Riding duties were handled by the author, along with the ultra-smooth and speedy two-time AMA road racing and World Endurance racing champion Jason Pridmore. Also returning is our longstanding throttle hand, racer and former motorcycle magazine editor, Corey Neuer. Lastly we had a special European guest, Road Test Editor Chris Northover from English sportbike magazine Superbike. Together we compiled over 60 laps on each machine with some very surprising results. So let’s get on with it and learn which is the finest Light-Heavyweight for ’14.

Pirelli Diablo Supercorsa Race Tires

While each motorcycle in this shootout comes with quality, track-capable rubber off the showroom floor, we needed to extort the maximum sport capabilities of each machine. So we had race tire ace Chris Maquire of CT Racing fit each bike with a set of Pirelli’s Diablo Supercorsa race tires (120/70-17 fronts and 180/60-17 rears, SC2 compound). Although similar in appearance to its outstanding SP V2 road and track tire, the SC compound rubber is engineered for competition use via the Italian outfit's role as the spec tire supplier in the World Supersport and Superstock road racing series. Participation in those ultra-competitive classes necessitates constant development in terms of compounds and inner construction, and these hoops do not disappoint, offering ever-increasing levels of road holding and feel that other brands have a hard time matching.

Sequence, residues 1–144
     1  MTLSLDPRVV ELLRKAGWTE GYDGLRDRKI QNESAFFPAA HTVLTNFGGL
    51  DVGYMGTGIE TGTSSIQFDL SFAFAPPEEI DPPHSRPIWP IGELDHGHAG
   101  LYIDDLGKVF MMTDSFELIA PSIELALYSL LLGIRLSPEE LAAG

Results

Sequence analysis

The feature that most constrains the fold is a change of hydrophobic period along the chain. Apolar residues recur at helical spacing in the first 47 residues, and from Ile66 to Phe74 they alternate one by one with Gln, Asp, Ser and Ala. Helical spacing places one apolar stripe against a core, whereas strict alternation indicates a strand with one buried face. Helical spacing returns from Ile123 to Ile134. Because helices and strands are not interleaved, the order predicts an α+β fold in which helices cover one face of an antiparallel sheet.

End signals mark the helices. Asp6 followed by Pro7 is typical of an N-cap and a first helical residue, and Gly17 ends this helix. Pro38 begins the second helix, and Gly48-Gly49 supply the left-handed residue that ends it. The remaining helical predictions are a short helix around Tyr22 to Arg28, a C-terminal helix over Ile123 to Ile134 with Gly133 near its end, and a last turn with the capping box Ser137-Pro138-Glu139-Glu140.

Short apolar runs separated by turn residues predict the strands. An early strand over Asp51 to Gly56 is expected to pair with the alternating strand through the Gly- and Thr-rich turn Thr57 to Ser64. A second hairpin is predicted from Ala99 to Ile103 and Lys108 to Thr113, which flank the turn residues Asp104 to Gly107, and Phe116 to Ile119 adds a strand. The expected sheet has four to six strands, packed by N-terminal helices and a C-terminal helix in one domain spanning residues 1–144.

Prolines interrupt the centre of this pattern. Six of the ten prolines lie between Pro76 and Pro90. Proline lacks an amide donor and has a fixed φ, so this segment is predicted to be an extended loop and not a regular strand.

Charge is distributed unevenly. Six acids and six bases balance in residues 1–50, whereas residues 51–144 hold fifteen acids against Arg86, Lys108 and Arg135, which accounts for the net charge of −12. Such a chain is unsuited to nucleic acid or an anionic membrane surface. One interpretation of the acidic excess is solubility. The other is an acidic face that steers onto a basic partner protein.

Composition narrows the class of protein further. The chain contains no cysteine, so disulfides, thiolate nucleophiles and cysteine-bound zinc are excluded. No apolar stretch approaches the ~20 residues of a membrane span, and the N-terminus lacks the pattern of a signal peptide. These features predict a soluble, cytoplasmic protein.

Supersport Shootout Track Scoring

Compared to some magazine tests where it sometimes seems a winner is chosen by what color looks the best, the results of our comparison are determined by a comprehensive scoring system. Each machine is scored on unbiased performance-based factors – things like corner speed, side-to-side flick rate, braking and acceleration force. Of course, rider feedback is also valuable, so we have an equal number (10) of subjective categories allowing each motorcycle to earn points for the characteristics it does best. Points are then tallied based on a hybrid Formula One points scale with 10 points for first, eight for second, seven for third, six for fourth, etc., with all 20 categories scored equally. The numbers are then calculated, and we come up with the bike’s finishing position and this year’s shootout champ!


Maximum Acceleration / Braking Force: How hard the motorcycle accelerates and how hard it slows, measured in Gs by the front-to-rear (longitudinal) accelerometer in the data logger.

Top Speed: The velocity measured in mph of the motorcycle at its peak before it begins decelerating for the upcoming turn.

Corner Speed: The maximum speed of the motorcycle at the apex of a turn, measured in mph.

Max Lean: The lean angle from vertical, in a turn, measured in degrees and calculated from the motorcycle’s velocity and radius of the turn.

Maximum Flick Rate: How quickly the bike is leaned from side to side during a transition, measured in degrees per second.

Superpole 101

As usual we instituted our proven Superpole methodology in which Pridmore and I put a flying lap on each of the motorcycles to see how it reacts “near the limit” under the watchful eye of each brand’s press manager. Keen readers will note that some of the data differs from that of our previous test, which is attributed to the vastly different riding styles of ‘11 Superpole test rider Steve Rapp, whose style can be defined as a more modern, point-and-shoot style versus Pridmore’s more fluid momentum-based form.